Aphasia is a neurogenic language disorder acquired as a result of brain injury, typically affecting the left hemisphere, and impacting fundamental aspects of the language network. Aphasia manifests with varying degrees of impairment across four primary domains:
- Spoken Language Expression
- Written Expression
- Spoken Language Comprehension
- Reading Comprehension
Aphasia is commonly categorized as either no fluent or fluent, determined by the length and meaningfulness of the speech produced. Within these categories, various subtypes of aphasia exist, differentiating based on expressive and receptive language skills.
Typical signs and symptoms of aphasia encompass:
Impairments in Spoken Language Expression, including:
- Difficulty retrieving words (referred to as anomia).
- Fluently stringing together nonmeaningful or real words to form sentences or phrases devoid of semantic meaning (known as jargon).
- Coining new words that lack meaning or recognition to listeners (referred to as neologisms).
- Sound substitutions (e.g., “wishdasher” instead of “dishwasher”), known as phonemic paraphasias.
- Word substitutions (e.g., “table” instead of “bed,” “bird” instead of “chicken”), termed semantic paraphasias.
- Omitting function words (e.g., “the,” “of,” “was”), resulting in telegraphic speech.
- Lack of awareness of errors.
- Grammatical errors, including omitting or misusing grammatical markers.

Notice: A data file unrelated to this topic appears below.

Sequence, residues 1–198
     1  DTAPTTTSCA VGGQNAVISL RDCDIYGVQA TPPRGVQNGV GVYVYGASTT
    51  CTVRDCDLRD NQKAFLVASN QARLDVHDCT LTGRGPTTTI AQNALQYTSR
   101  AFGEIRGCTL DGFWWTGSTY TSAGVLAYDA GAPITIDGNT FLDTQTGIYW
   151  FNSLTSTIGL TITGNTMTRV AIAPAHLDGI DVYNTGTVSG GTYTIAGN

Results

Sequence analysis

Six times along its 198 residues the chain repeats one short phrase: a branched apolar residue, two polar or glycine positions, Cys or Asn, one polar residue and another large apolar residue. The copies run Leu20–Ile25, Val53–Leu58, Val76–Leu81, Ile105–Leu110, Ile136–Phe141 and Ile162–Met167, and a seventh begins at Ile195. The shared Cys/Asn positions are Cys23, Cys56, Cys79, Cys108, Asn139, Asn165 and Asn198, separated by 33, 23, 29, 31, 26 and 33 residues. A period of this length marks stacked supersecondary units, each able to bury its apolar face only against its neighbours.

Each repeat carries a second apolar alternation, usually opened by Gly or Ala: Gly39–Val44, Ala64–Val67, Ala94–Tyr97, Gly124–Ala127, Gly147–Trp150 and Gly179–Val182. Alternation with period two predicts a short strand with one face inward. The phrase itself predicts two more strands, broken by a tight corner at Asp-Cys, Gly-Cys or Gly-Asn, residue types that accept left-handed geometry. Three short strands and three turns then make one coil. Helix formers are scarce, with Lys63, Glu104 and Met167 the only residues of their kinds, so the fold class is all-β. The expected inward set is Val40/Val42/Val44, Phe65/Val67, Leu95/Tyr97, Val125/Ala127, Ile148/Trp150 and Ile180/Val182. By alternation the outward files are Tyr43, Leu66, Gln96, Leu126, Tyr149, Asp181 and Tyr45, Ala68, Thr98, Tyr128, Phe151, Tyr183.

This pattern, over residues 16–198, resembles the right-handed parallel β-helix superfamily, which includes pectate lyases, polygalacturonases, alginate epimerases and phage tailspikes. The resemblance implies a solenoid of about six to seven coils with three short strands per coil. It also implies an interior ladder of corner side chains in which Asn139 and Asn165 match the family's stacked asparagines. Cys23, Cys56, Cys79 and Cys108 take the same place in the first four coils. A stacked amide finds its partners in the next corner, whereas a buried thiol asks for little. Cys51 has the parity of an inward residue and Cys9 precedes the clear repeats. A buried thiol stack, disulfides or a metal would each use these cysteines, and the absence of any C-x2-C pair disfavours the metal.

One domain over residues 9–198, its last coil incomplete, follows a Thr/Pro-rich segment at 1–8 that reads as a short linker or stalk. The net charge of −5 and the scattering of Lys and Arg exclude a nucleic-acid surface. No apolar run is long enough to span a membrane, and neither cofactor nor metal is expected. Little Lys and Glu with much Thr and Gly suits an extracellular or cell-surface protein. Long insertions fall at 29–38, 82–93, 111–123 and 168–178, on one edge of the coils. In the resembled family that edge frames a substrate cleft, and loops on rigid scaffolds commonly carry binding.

- Halting or effortful speech.
- Speaking in single words or fragmented phrases.
- Syntax errors, involving words placed in incorrect order.
Impairments in Spoken Language Comprehension, including:
- Difficulty understanding spoken utterances.
- Needing extra time to comprehend spoken messages.
- Struggling with complex grammar, such as passive sentences (e.g., “The dog was chased by the cat”).
- Difficulty understanding lengthy or rapidly delivered speech, like complex conversations or television programs.
- Challenges in comprehending spoken language without visual support (e.g., on the telephone or radio).
- Difficulty interpreting nonliteral language (e.g., idiomatic expressions like “It’s raining cats and dogs”).
- Lack of awareness of comprehension errors.
For individuals seeking treatment of aphasia, speech therapy for aphasia, or treatment for aphasia disease, there are various therapeutic approaches available. These treatments aim to address the unique challenges posed by aphasia, including perseveration, to help individuals regain and improve their language skills.